To ensure your trip goes smoothly, here are some tips:

  • Set Expectations – Talk about where you are going, how long you’ll be there, and what activities you’ll do. Setting these expectations can help alleviate some of your child’s anxieties.
  • Pack Wisely – Bring noise-canceling headphones if you expect a loud environment. If typical food options won’t be available, pack groceries or snacks your child likes. Don’t forget to include your child’s comfort items, like favorite toys or blankets, to help them feel secure.

By preparing in advance, you can help your child enjoy the vacation and make it a positive experience for the whole family. 

Lesson Five: Increase the frequency of therapy

Summertime is an excellent opportunity to increase therapy sessions or even enroll in an intensive program. With more time available, you can invest in your child’s development. Many centers offer programs focused on specific skill development, such as intensive physical therapy or handwriting camps. ABA therapy is also a fantastic option for the summer.

If your child is already in ABA, consider increasing their therapy hours. Meet with your child’s BCBA to set specific summer goals. Work on these goals both inside and outside of therapy sessions.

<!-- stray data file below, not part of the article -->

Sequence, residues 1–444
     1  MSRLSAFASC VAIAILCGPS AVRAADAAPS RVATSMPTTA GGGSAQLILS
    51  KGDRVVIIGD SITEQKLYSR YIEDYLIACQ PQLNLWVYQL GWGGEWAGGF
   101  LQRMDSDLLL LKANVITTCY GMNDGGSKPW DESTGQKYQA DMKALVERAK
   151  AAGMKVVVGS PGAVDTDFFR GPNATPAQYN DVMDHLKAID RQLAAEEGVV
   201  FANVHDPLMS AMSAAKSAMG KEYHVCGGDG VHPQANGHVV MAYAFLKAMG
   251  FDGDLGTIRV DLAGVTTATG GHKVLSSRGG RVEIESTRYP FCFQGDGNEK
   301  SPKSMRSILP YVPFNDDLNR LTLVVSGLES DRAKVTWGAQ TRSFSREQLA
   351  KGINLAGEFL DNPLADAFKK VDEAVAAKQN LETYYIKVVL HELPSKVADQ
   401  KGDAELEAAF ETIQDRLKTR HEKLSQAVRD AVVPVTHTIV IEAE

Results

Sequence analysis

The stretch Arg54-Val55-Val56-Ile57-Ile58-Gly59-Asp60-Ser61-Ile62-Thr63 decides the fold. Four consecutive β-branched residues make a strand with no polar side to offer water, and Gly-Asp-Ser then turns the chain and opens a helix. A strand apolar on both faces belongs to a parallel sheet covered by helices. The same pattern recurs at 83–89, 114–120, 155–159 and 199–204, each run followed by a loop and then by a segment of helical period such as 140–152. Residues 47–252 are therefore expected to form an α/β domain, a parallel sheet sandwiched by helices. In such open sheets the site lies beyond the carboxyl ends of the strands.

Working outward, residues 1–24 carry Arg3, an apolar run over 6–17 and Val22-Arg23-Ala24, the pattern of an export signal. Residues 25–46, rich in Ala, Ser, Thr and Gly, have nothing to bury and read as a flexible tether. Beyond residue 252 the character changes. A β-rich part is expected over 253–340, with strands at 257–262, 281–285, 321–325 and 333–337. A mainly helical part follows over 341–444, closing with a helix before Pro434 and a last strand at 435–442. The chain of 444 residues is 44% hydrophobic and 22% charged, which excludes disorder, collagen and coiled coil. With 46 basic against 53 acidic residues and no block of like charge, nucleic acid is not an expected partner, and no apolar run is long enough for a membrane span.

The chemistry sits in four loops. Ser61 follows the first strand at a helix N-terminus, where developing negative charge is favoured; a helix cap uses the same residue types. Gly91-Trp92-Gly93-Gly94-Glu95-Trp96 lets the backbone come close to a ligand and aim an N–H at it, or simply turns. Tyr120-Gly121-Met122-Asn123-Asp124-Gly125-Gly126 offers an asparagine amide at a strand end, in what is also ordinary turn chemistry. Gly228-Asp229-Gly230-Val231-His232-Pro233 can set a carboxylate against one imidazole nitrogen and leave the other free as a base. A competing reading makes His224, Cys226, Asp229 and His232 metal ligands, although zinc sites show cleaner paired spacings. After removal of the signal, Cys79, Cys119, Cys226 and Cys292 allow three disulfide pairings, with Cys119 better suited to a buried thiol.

You can also request to do ABA sessions out in the community. For example, we bring our ABA therapists to the grocery store to practice not stimming in the produce section. We also take them with us to the library, so I know how to handle unexpected behaviors in public.

If your child is struggling with something, use the summer to address it. Focus on one or two areas, rather than trying to tackle a long list. Make these areas your summer project, and involve a therapist to guide you along the way. ABA Connect is always available to help. 

Avoid Summer Stress with a Good Plan

Creating a summertime schedule may help your child maintain their sense of calm and regulation while also helping your overall well-being. Remember, not every second of their day needs to be planned out. Think through your schedule a bit, get some input from your child, and communicate your plans to them. This way, everyone will have clear expectations, and you can spend more time enjoying the summer rather than feeling stressed out and reactive.

You could wing it. But I propose you plan for it. A little preparation can go a long way in ensuring a smooth and enjoyable summer for everyone. 

So, what are your summer plans?

Please share your ideas in the comments below. We’d love to hear from you, and so would fellow parents of kids with autism. If you found this post helpful, please feel free to like, share, and follow us for more insightful content on autism and ABA therapy.

If a positive, play-based approach to ABA appeals to you, we invite you to reach out to ABA Connect. The friendly team at ABA Connect is always ready to help answer your questions.

Please keep in mind that while I am a consultant writing on behalf of ABA Connect, my child is not a current client. The views and experiences shared in this blog post are entirely from a parent’s perspective. My goal is to provide informative content and insights based on my personal experiences, as well as interviews conducted with the staff at ABA Connect.

0 replies

Leave a Reply

Want to join the discussion?
Feel free to contribute!

Leave a Reply

Your email address will not be published. Required fields are marked *